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I am looking for file "WSFY321.c" in a huge directory hierarchy.
Usually I would use GNU find: find . -name "WSFY321.c"
But I do not know the case, it could be uppercase, lowercase, or a mix of both.

What is the easiest way to find this file?
Is there something better than find . | grep -i "WSFY321.c" ?

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2 Answers 2

up vote 56 down vote accepted

Recent versions of GNU find have an -iname flag, for case-insensitive name searches.

find . -iname "WSFY321.c"
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Also, since you're specifically looking for a file you can probably shave another couple of ticks off that with the -type f flag so it won't bother looking at the name if the inode is a directory. But that's pedantic levels of optimization... –  Shadur Feb 20 '12 at 9:47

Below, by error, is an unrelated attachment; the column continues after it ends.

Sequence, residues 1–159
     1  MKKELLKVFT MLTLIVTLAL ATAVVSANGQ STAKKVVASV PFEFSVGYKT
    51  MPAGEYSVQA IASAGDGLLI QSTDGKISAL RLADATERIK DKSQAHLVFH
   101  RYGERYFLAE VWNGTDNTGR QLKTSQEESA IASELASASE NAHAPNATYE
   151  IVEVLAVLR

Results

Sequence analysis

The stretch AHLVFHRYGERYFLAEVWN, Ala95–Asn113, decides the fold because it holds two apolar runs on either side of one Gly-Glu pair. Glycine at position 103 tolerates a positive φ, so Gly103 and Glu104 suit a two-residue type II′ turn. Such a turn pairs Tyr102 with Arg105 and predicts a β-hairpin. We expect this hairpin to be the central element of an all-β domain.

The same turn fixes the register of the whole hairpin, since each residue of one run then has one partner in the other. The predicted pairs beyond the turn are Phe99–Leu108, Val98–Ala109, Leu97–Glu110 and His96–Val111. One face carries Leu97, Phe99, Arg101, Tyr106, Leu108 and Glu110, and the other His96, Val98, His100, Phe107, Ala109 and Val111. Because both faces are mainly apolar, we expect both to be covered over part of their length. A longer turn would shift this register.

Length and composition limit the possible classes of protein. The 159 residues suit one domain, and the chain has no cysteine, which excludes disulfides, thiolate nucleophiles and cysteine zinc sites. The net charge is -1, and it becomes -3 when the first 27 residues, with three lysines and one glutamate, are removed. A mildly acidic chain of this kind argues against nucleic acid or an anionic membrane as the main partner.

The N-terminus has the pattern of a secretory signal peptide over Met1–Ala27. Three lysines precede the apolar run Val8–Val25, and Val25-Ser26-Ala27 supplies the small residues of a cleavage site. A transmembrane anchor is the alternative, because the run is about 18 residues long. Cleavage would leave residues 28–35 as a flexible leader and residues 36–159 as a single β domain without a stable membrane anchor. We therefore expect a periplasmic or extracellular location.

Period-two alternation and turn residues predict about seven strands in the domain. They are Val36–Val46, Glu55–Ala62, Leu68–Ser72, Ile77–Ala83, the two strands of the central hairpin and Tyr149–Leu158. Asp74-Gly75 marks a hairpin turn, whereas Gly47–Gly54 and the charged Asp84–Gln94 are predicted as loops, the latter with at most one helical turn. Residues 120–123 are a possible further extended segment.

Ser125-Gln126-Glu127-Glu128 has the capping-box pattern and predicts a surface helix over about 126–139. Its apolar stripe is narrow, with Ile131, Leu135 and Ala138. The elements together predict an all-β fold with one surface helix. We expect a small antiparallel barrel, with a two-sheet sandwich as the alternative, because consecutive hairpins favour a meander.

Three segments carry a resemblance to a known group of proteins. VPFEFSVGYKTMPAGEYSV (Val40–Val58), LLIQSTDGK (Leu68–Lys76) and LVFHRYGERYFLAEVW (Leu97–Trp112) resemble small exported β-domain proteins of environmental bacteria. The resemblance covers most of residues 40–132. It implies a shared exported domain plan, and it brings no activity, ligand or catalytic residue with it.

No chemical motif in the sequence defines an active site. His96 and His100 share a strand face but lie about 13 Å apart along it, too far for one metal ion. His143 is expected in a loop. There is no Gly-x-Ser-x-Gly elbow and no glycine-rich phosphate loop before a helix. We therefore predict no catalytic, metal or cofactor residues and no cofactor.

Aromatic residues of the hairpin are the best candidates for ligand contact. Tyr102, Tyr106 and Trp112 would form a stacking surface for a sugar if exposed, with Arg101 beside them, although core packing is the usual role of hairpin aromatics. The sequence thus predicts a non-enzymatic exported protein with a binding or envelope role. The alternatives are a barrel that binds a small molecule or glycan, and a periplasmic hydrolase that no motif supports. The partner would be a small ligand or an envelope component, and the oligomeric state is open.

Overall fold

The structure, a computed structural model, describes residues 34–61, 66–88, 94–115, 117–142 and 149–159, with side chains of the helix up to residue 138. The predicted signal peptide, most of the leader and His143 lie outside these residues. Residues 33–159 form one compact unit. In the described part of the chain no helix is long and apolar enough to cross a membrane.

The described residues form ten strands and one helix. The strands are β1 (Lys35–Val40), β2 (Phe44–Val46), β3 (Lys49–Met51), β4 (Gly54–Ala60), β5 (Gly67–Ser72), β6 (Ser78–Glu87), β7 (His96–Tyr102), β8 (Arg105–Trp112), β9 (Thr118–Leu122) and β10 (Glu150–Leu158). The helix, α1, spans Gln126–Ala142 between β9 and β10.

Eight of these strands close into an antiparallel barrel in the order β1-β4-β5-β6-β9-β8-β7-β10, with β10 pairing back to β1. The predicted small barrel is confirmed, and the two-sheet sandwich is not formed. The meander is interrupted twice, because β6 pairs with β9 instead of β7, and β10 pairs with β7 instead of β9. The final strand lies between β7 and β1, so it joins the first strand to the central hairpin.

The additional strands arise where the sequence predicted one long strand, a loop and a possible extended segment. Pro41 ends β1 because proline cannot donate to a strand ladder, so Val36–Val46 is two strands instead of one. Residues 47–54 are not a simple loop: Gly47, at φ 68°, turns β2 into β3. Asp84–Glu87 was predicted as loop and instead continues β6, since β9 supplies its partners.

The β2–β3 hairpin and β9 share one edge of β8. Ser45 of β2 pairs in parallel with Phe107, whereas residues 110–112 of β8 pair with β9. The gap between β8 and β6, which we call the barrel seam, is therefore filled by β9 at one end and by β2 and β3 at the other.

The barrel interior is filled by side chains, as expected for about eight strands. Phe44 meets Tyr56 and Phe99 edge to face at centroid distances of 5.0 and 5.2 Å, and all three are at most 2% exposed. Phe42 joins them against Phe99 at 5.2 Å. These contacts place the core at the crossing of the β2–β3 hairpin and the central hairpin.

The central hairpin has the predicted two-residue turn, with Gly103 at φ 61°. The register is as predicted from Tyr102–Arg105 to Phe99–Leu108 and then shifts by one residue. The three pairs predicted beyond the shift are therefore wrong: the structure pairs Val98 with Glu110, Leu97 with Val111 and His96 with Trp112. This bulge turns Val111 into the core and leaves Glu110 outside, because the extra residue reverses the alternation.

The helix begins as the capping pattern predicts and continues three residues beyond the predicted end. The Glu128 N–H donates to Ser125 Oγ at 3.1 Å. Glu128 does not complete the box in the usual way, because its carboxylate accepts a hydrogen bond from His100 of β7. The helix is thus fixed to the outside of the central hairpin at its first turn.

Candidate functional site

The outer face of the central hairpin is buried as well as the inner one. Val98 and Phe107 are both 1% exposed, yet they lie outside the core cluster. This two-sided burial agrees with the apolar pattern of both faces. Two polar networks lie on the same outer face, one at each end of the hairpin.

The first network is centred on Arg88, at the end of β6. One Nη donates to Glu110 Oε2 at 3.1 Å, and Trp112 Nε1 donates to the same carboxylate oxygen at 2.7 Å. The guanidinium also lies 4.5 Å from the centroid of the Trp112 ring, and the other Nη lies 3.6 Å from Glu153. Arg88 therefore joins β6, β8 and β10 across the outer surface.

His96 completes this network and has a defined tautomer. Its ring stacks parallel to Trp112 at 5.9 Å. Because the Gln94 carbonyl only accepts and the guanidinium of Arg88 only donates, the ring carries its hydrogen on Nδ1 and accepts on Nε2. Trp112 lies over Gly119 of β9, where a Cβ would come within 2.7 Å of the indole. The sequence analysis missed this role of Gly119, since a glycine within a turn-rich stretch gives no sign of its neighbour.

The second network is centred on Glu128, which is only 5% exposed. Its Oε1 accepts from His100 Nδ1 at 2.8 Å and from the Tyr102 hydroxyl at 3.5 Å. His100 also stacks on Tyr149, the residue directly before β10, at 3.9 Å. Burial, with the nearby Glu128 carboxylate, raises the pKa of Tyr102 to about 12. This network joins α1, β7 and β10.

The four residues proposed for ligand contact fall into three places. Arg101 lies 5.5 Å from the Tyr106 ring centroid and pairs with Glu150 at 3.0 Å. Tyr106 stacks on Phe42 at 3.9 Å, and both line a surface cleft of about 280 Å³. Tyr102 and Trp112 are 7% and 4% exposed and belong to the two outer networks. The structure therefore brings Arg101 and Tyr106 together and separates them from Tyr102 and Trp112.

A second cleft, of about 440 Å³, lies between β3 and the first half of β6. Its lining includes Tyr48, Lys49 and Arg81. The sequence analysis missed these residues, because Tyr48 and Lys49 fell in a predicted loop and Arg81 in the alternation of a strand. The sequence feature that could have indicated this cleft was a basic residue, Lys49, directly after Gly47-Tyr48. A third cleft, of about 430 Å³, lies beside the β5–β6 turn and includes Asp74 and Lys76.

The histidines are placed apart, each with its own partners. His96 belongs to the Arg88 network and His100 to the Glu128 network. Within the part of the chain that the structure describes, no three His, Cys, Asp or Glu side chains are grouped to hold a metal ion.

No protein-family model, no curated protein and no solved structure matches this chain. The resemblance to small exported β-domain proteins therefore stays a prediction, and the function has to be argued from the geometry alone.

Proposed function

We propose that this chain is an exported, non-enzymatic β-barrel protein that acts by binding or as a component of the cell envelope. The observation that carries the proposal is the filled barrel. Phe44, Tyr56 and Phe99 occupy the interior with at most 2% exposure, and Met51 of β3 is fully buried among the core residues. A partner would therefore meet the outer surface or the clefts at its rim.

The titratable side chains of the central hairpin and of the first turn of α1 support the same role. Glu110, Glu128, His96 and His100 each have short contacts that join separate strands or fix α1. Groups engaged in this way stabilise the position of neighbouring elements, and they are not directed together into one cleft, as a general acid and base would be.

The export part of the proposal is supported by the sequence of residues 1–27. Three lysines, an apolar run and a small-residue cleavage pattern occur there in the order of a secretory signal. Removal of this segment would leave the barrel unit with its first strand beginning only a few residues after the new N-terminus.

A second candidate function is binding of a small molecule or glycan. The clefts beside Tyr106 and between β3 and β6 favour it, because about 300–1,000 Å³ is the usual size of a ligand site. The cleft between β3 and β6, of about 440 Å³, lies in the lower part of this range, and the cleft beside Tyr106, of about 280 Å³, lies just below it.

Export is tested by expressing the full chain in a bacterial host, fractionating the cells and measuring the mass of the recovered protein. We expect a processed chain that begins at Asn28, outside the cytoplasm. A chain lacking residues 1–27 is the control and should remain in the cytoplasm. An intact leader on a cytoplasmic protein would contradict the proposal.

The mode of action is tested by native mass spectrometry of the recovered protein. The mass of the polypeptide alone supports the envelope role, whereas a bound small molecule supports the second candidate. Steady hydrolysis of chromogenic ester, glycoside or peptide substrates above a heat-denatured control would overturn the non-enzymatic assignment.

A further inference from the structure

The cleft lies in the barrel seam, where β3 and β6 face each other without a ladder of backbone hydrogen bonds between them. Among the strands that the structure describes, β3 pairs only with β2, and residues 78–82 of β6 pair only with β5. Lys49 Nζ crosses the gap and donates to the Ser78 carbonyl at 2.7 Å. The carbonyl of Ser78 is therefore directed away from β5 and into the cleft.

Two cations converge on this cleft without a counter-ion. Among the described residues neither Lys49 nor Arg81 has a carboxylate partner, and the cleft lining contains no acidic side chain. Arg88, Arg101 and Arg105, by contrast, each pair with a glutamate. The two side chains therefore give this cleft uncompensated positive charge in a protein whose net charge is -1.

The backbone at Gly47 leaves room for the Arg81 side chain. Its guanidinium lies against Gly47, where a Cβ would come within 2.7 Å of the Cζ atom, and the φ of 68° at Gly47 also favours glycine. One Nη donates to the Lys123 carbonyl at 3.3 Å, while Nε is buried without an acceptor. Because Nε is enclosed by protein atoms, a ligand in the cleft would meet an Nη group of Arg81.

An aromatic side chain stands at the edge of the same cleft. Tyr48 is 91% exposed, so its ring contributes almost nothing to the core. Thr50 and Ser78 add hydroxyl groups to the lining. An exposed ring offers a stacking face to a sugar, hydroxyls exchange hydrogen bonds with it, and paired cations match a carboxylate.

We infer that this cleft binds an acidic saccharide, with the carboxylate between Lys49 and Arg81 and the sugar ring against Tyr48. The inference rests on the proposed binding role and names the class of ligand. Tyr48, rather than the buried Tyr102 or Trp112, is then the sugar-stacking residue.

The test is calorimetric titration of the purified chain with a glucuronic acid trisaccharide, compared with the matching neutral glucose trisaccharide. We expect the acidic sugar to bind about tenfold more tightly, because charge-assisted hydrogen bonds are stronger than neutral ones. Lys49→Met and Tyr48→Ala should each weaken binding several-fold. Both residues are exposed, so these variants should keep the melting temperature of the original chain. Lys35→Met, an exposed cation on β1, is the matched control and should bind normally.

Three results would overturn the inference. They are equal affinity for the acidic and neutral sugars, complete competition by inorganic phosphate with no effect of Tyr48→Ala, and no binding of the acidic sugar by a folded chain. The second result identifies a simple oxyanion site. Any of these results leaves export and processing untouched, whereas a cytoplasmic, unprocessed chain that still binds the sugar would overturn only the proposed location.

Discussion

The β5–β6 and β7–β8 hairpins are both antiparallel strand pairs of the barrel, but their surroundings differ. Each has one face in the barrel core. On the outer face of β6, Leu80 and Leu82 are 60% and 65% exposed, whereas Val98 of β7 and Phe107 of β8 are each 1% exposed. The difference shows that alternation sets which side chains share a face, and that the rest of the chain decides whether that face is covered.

With GNU find, or other versions of find that have it:

find . -iname 'WSFY321.c'

With other versions:

find . -name '[Ww][Ss][Ff][Yy]321.[Cc]'

Or a compromise that's slower but easier to type:

find . -name '????321.c' | grep -i '/WSFY[^/]*$'

Or in zsh:

print -rl -- **/(#i)WSFY321.c
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@Gilles The grep version is filtering only upper case, and I don't understand the '[^/]' ..(not /) –  Peter.O Feb 20 '12 at 6:22
@Gilles What is the argument to use the single quotes in the first case (exact filename) over no quotes at all? –  Bernhard Feb 20 '12 at 7:14
@Peter.O No * after the / in the bash version. I meant grep -i. I use [^/]* rather than .* so as not to catch files in directories whose name begins with WSFY. –  Gilles Feb 20 '12 at 10:08
@Bernhard Consistency. –  Gilles Feb 20 '12 at 10:08
Thanks Gilles: I deleted the previous comment with incorrect syntax, and tested the ammended version, but it doesn't work without the * (for an unexpected reason; to me at least).  The case-insensitive option no longer works: shopt -s extglob nocaseglob globstar; printf '%s\n' **/WSFY321.c ... I suppose that's why it is called a nocase‍​ glob: it only works in the context of a glob (or so it seems). –  Peter.O Feb 20 '12 at 11:34

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